Birdwing Butterflies and Their Conservation Needs

  • Donald P. A. Sands
  • Tim R. New
Chapter

Abstract

Butterflies are undoubtedly the single most popular group of insects, and this status has fostered considerable and widespread sympathies for their conservation in many parts of the world. The foundations of butterfly conservation – indeed of wider invertebrate conservation – have been set amongst studies of butterflies in northern temperate regions, predominantly those of the United Kingdom, parts of western Europe and North America. These foundations have most commonly reflected concerns for individual butterfly species (or subspecies) that are perceived to have declined in distribution and abundance and for which management can be based on reasonably sound biological and distributional information in well-documented faunas. They have led to emulative projects in southern temperate regions, predominantly South Africa and Australia, the latter additionally encompassing the sub-tropical and tropical forest regions that are the major focus of this account. For many individual butterfly species and subspecies in parts of the northern temperate regions, detailed conservation programmes and recovery plans can be based on an understanding of their ecology, distribution, and threats to their welfare, accumulated over many years.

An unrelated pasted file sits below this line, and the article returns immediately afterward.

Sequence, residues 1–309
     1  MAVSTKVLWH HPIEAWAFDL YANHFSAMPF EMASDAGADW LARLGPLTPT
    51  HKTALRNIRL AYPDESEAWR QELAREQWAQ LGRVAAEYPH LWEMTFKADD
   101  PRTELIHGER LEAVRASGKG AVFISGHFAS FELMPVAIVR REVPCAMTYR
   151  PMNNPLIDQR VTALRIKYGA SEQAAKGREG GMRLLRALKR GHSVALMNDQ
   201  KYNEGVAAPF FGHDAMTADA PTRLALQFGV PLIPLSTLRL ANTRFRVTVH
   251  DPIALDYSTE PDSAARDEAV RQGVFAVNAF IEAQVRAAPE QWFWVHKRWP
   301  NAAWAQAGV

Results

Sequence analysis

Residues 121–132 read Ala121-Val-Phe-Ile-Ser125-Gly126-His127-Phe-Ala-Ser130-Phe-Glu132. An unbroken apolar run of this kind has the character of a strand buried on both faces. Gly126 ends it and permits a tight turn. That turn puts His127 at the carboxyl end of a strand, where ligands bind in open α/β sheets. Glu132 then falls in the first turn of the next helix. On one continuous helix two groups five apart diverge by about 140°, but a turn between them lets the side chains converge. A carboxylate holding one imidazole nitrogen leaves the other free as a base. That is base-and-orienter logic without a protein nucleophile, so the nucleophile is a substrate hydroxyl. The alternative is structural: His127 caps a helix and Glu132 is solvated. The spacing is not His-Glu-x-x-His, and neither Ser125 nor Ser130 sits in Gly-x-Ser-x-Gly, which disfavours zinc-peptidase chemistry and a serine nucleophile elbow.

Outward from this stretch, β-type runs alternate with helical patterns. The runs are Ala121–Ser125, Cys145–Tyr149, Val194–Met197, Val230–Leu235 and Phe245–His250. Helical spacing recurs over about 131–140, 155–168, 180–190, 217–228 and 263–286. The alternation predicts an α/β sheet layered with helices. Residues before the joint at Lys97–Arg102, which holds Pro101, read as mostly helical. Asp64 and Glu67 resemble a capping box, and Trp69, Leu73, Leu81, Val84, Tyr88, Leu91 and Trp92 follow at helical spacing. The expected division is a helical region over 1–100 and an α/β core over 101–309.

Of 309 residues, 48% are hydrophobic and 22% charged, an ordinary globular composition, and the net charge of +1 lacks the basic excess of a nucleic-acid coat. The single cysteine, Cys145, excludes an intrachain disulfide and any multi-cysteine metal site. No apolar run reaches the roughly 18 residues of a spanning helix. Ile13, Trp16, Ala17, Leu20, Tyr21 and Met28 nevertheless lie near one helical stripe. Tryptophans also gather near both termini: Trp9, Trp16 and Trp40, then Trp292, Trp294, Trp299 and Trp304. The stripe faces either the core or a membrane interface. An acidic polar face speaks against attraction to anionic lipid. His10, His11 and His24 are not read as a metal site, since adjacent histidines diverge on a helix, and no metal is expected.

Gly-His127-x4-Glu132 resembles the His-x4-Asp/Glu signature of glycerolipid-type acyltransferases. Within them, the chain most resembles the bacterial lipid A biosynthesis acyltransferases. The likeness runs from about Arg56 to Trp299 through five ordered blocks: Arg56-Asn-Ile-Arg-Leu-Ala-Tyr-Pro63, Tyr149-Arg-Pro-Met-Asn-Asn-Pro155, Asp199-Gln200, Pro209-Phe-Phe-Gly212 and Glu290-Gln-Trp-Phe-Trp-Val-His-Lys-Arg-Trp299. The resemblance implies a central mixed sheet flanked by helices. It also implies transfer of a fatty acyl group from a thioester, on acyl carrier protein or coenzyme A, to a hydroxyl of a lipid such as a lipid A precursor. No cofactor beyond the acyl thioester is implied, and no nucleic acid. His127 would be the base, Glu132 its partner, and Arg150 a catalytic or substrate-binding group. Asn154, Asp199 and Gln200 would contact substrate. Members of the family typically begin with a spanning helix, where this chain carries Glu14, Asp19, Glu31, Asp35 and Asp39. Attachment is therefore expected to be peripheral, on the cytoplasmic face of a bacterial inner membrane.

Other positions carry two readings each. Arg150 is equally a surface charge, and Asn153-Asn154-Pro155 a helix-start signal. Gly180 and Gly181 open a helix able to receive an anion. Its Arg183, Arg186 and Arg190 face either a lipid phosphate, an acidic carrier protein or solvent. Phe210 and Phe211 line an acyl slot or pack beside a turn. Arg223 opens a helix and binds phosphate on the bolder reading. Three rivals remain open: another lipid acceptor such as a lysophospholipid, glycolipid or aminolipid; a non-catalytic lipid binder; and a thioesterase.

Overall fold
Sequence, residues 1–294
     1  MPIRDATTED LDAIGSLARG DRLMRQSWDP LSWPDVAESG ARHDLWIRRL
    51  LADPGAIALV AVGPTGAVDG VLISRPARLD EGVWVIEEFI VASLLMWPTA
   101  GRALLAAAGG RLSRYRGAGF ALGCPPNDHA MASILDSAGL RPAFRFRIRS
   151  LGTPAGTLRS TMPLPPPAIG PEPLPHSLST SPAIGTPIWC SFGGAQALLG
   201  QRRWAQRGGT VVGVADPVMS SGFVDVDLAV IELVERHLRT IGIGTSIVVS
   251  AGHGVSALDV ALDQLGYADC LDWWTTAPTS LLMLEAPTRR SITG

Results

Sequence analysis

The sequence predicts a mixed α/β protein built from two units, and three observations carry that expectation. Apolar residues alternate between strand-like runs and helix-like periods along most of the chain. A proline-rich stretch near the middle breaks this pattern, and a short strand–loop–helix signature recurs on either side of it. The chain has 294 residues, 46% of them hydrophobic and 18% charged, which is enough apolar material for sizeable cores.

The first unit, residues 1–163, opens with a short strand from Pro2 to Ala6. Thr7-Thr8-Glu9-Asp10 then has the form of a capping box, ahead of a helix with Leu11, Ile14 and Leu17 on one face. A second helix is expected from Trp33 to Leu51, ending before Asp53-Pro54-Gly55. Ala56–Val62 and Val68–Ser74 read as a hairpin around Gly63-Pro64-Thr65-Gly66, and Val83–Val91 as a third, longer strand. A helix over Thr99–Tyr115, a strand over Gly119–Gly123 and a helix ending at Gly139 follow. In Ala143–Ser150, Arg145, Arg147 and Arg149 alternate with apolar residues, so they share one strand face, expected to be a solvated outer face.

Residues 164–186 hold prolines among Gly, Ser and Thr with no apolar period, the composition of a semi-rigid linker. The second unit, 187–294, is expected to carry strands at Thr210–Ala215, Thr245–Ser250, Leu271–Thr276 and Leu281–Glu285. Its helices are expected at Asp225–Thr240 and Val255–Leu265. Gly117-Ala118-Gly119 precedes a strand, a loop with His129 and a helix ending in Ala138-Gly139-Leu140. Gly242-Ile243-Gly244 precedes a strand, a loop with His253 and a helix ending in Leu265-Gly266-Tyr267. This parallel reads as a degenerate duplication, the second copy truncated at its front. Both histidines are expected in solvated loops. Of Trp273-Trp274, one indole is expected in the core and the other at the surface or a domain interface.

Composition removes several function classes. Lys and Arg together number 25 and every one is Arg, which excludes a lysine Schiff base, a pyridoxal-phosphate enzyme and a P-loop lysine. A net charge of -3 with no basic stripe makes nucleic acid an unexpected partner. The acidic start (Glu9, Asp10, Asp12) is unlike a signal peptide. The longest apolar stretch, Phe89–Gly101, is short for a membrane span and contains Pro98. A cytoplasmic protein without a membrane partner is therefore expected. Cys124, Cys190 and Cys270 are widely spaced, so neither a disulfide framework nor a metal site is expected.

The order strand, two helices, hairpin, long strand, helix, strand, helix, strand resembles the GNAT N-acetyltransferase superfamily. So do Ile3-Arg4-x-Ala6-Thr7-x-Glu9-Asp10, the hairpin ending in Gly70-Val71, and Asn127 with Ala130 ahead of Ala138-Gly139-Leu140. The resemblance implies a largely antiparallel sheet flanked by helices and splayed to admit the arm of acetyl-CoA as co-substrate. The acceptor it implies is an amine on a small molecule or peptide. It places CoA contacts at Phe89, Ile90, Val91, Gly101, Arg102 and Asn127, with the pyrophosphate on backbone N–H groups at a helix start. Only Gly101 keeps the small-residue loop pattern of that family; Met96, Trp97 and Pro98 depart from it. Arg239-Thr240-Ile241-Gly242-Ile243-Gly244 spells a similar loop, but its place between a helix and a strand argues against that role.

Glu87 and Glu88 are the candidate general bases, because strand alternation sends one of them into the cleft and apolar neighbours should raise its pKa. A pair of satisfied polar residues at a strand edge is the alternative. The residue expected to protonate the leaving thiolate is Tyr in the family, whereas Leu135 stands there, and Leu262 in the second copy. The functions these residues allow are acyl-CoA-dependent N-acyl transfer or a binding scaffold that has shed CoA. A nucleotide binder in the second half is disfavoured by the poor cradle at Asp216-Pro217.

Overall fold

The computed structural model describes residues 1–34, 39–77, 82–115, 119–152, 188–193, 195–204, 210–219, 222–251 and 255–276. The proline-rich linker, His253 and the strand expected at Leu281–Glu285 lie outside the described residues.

Keywords

Torres Strait Island Conservation Concern Fore Wing Hind Wing Larval Food Plant 
These keywords were added by machine and not by the authors. This process is experimental and the keywords may be updated as the learning algorithm improves.

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Copyright information

© Springer Science+Business Media Dordrecht 2013

Authors and Affiliations

  • Donald P. A. Sands
    • 1
  • Tim R. New
    • 2
  1. 1.Ecosystem SciencesCSIROBrisbaneAustralia
  2. 2.Department of ZoologyLa Trobe UniversityMelbourneAustralia

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